Host resistance to internal parasites, as measured by faecal egg count and dagginess was investigated in ram lambs born in the 1981-83 years (approximately generation 3) from the Woodlands selection lines. Lines were selected for either: number of lambs born, 100 day weight, hogget fleece weight and a production index in which all three traits are combined; a fifth line was a randomly selected control. Ram lambs were drenched with anthelmintic and then exposed to contaminated pasture for a period of 6-7 weeks and then faecal sampled. Total plasma protein, albumin and pepsinogen were measured. The results demonstrated significant variation between selection lines in faecal egg count, dag score, liveweight gain, wool growth and blood plasma parameters. Between selection lines, faecal egg count was positively correlated with liveweight gain (0.95) and wool growth (0.41). Blood pepsinogen and total blood protein were both negatively associated with faecal egg count and liveweight gain (correlations of -0.51 to -0.90). Using sire variation within selection line (progeny of 65 sires) produced heritability estimates of 0.13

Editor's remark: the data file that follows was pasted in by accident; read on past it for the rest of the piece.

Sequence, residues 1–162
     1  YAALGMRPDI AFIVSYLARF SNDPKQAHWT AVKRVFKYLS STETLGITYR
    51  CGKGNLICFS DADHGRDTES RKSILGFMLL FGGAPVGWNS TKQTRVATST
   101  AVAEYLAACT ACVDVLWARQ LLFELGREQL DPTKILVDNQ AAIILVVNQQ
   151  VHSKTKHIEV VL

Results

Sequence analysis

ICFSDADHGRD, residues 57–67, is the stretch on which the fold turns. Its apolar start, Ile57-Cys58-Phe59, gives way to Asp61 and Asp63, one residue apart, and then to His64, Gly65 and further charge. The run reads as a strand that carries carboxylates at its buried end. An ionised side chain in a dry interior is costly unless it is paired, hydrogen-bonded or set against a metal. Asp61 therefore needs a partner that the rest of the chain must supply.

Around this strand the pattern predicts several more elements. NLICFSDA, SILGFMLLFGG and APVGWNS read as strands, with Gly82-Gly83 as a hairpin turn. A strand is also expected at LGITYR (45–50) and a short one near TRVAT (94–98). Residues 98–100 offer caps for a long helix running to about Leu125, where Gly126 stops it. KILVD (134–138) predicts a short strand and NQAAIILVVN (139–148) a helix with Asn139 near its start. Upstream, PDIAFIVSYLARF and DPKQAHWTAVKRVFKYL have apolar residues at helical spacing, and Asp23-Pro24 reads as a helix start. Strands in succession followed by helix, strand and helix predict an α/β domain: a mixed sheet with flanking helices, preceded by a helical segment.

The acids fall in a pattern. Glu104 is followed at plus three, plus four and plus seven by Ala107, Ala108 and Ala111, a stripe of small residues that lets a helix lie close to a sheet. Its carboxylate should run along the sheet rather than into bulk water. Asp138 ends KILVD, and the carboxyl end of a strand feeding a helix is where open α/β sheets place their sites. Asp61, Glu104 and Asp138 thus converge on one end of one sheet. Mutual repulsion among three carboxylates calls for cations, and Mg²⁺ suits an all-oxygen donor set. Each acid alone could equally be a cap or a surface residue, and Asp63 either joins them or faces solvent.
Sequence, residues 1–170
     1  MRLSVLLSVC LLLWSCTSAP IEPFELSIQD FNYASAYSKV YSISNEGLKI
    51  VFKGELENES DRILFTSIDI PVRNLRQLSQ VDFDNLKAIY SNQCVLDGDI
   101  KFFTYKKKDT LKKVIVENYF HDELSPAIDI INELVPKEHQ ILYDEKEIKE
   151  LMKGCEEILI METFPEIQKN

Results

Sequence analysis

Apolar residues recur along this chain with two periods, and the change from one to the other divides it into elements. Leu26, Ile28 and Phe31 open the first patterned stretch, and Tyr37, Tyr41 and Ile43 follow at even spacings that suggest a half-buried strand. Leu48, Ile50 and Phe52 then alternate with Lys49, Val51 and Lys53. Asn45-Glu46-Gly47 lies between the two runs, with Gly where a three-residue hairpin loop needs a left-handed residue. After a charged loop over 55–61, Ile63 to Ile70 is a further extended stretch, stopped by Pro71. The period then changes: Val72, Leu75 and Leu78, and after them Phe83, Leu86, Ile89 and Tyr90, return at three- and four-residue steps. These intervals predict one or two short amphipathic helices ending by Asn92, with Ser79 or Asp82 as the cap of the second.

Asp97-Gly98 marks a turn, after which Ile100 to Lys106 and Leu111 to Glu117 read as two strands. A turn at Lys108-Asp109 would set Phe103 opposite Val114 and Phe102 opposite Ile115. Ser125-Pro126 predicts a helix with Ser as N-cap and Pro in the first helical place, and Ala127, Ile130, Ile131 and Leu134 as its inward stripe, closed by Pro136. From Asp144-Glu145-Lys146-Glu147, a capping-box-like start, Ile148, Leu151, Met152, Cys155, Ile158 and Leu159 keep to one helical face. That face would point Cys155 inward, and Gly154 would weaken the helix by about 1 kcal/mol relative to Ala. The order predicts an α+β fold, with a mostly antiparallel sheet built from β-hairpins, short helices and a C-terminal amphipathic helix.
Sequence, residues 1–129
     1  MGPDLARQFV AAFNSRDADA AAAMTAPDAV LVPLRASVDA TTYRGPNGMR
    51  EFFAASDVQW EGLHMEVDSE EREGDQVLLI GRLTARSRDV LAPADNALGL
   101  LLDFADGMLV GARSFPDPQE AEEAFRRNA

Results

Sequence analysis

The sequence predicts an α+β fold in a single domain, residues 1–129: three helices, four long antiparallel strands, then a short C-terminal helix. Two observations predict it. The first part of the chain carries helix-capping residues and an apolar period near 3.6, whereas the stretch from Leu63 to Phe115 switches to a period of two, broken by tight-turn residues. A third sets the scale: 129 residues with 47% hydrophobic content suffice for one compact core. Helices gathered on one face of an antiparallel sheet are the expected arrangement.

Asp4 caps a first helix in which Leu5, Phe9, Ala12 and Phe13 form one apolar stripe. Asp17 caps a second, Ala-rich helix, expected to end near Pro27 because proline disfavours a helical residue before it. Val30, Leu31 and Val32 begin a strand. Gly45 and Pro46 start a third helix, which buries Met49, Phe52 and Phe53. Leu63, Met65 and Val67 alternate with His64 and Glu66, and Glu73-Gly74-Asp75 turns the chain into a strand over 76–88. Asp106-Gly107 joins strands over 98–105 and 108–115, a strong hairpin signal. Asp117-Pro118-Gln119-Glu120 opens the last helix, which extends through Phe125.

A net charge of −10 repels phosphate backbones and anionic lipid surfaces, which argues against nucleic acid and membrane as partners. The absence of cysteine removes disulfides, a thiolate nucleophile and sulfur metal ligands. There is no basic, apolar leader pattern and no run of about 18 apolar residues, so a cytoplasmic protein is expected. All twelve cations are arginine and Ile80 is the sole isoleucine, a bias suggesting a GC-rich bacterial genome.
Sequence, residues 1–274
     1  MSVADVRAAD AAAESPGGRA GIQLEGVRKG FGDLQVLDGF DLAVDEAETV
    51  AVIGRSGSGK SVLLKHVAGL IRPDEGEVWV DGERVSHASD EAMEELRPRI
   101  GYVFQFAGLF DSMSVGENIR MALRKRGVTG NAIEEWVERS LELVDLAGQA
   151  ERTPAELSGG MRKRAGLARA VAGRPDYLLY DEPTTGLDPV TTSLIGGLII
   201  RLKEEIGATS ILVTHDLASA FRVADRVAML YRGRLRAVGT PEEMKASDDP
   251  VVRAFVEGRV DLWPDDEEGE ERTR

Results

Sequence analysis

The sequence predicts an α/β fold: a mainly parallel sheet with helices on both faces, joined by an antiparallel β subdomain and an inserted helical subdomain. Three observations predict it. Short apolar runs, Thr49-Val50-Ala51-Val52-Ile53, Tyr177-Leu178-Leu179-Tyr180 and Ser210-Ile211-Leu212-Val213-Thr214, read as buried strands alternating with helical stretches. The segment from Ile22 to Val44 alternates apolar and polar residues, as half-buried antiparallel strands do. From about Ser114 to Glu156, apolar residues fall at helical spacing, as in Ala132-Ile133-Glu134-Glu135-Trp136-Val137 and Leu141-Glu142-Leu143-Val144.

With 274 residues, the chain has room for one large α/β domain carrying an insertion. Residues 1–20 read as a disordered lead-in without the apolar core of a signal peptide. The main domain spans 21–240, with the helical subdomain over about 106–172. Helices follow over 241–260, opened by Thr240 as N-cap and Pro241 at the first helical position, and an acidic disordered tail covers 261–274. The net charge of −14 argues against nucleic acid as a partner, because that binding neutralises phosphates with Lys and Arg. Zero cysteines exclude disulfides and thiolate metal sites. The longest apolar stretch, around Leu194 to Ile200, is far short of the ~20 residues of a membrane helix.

Proceedings of the New Zealand Society of Animal Production, Volume 52, , 17-20, 1992
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